Interview with characters in “Impending Love and Death”

In my day job as a journalist, my column name is Freeman of the Press.  I interviewed the two main characters, Jennifer “Jem” Collins and Logan Pierce, of Impending Love and Death which is available Nov. 18, 2015, at through The Wild Rose Press.


Press:   This is Jennifer Beecher known to her family as Jem.

Jem:     It’s Mrs. Ben Collins.  We married in March.

Press:   Didn’t Ben join the Ohio Volunteer Infantry in April?

Jem:     He joined with two of his friends to fight for ninety days against the Rebels.

Press:   What do you think happened to your husband?

Jem:     He’s missing.  When I didn’t receive any word from him, I knew something was wrong.

Press:   Why not wait at home for news?’

Jem:     He could be injured, unconscious, or a prisoner.  I’m a nurse.  I can help him if he’s sick or wounded.

Press:   I heard Logan Pierce refused to help you travel to Washington City.  Do you know why?

Jem:     He gave me a flimsy excuse, but I’m capable of traveling alone.  I was hoping Mr. Pierce could suggest a clean but inexpensive boarding house where I could stay.  It wasn’t like I asked for a tour of the city.

Press:   How did you meet Logan Pierce?

Jem:     He claims I nearly ran him over with my buggy, but I didn’t see him.  Maybe the sun was in my eyes, but he shouldn’t have been strolling in the middle of the road.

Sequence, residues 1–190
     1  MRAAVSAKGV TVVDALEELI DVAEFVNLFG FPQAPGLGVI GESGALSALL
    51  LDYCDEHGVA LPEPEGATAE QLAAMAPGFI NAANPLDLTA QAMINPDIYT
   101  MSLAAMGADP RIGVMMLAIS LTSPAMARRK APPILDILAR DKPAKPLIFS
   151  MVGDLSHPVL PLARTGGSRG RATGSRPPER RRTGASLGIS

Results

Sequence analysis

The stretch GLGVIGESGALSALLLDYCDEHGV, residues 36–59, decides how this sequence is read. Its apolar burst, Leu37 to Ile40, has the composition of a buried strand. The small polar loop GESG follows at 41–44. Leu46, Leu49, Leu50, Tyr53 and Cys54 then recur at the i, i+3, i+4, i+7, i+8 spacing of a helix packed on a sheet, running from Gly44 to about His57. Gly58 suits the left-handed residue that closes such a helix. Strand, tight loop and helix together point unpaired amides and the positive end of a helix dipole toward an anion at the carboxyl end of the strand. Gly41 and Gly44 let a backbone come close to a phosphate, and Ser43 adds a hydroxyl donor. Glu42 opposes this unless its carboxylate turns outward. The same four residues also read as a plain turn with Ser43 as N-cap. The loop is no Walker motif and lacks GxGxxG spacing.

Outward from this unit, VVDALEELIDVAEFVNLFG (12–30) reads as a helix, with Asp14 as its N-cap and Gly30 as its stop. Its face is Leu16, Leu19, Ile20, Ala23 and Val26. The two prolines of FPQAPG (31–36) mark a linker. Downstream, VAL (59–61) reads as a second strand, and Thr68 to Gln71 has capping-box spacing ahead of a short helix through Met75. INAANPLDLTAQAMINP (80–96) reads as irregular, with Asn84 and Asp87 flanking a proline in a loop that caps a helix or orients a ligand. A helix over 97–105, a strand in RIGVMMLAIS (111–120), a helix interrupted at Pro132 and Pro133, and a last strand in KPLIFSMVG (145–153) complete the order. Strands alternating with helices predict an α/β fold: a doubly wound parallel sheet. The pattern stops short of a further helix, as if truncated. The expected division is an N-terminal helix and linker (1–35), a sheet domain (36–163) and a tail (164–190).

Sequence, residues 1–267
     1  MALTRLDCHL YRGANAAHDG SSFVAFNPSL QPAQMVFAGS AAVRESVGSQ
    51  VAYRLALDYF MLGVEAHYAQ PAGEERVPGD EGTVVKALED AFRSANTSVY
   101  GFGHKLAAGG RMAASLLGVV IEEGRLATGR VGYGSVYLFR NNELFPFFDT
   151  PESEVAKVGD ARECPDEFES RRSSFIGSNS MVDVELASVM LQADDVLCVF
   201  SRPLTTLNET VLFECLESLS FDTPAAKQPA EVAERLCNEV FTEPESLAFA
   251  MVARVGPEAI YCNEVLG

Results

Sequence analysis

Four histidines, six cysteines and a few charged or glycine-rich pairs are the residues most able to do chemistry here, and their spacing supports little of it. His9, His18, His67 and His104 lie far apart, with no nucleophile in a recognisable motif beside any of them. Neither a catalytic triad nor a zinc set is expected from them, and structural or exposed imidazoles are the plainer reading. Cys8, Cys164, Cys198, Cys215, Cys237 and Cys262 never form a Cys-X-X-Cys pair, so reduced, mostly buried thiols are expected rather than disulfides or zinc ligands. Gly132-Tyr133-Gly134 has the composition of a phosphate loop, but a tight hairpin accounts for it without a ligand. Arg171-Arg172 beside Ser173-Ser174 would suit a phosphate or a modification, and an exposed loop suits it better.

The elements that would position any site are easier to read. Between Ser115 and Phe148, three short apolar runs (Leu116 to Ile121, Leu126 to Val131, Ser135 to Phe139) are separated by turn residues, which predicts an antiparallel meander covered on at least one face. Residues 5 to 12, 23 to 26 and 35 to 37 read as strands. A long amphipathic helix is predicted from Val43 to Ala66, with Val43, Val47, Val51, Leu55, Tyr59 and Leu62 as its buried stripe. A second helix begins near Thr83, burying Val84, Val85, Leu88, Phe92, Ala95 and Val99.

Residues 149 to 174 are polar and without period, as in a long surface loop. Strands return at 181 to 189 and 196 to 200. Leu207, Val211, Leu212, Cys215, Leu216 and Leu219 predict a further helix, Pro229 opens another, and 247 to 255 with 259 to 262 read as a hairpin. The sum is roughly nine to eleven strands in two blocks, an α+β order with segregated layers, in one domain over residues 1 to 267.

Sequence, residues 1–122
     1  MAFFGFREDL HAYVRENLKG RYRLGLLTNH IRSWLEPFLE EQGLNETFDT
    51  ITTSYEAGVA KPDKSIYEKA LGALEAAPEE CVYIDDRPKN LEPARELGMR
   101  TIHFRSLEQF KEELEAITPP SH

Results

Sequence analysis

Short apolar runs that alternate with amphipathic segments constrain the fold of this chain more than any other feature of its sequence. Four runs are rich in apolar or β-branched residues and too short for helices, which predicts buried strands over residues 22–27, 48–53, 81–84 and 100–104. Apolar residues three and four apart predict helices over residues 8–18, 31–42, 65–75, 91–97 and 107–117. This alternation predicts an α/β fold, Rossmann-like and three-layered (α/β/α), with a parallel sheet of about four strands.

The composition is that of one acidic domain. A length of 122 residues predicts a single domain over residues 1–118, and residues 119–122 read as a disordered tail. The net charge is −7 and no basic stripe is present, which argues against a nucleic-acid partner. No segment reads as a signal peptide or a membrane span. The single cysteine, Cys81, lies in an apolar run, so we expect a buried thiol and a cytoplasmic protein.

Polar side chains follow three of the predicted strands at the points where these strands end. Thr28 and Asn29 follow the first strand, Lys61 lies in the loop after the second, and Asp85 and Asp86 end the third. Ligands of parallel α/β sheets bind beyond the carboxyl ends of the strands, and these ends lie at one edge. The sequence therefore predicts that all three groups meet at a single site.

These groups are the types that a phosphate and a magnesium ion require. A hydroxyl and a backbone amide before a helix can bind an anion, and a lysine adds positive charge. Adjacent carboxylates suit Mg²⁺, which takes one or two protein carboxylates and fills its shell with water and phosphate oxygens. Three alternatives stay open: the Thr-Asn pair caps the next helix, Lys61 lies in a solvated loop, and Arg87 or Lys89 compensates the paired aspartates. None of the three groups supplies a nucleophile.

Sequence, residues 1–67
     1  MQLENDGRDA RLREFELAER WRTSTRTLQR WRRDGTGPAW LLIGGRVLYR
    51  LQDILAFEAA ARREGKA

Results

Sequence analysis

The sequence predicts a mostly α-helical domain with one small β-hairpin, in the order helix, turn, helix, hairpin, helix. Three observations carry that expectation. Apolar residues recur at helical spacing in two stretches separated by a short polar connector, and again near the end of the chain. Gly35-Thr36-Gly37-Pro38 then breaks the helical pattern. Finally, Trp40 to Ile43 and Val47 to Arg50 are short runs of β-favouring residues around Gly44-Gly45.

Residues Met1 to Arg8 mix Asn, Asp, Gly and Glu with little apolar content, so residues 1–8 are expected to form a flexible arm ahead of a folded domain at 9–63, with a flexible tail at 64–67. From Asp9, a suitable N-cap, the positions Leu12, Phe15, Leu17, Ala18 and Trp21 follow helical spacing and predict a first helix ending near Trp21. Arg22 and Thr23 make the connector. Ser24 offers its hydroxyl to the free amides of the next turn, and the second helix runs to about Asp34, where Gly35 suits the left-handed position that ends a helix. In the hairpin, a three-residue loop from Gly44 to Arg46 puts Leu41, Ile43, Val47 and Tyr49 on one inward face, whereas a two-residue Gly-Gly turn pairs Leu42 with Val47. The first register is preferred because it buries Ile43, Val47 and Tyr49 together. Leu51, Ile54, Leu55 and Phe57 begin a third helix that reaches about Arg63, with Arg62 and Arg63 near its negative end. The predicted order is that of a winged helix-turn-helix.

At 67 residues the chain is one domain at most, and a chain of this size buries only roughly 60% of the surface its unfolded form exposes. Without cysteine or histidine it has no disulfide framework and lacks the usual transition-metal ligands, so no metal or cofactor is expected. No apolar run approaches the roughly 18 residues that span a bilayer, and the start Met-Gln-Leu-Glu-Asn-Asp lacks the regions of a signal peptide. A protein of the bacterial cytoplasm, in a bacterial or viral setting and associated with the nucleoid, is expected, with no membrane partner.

Press:   Logan, you’re a politician.  What do you do?

Logan: I began working for Salmon Chase when he was governor of Ohio.  He won a seat in the senate, but President Abraham Lincoln appointed him to his cabinet as secretary of the treasury.  I followed him to Washington City and work as his secretary.

Press:   What is your current assignment?

Logan: As you know the President has declared war on the Confederate States, and it is the Department of the Treasury’s responsibility to pay for the war. I have been traveling to win support for a new state in Virginia and in return gain support in Congress for a proposal to issue bonds to pay for the war.

Press:   How did you meet Mrs. Collins?
Logan: She nearly ran over me with her buggy.  She claims she didn’t see me, but I was in the middle of the road heading toward Mr. Wheeler’s Dry Good Store when I heard her horse bearing down on me.  I barely escaped by jumping out of the path of her vehicle. Women should not be allowed behind the reins of a horse.

Press:   Why did you refuse to help Mrs. Collins go to Washington City?

Logan: Communications can be delayed.  I suggested she remain at home and await news of her missing husband, but she refused.

Press:   Did you reconcile on the train to Washington City?

Logan: We agreed to a truce to escape some blowhard’s version of Darwin’s theory on evolution.

Press:   As a gentleman, shouldn’t you come to the aid of a lady?”

Logan: I make it point to avoid married women.

Press:   But you’re helping Mrs. Collins find her husband.

Logan: I hope I don’t regret it.